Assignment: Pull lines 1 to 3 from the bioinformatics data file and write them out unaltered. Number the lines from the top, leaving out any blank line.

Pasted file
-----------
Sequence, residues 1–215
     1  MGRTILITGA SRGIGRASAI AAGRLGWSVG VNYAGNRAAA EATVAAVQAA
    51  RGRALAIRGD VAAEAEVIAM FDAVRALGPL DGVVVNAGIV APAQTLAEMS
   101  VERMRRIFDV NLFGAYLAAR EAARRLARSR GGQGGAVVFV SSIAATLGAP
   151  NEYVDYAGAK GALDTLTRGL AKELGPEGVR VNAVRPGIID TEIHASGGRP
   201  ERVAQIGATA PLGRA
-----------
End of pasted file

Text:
Sequence, residues 1–215
     1  MGRTILITGA SRGIGRASAI AAGRLGWSVG VNYAGNRAAA EATVAAVQAA
    51  RGRALAIRGD VAAEAEVIAM FDAVRALGPL DGVVVNAGIV APAQTLAEMS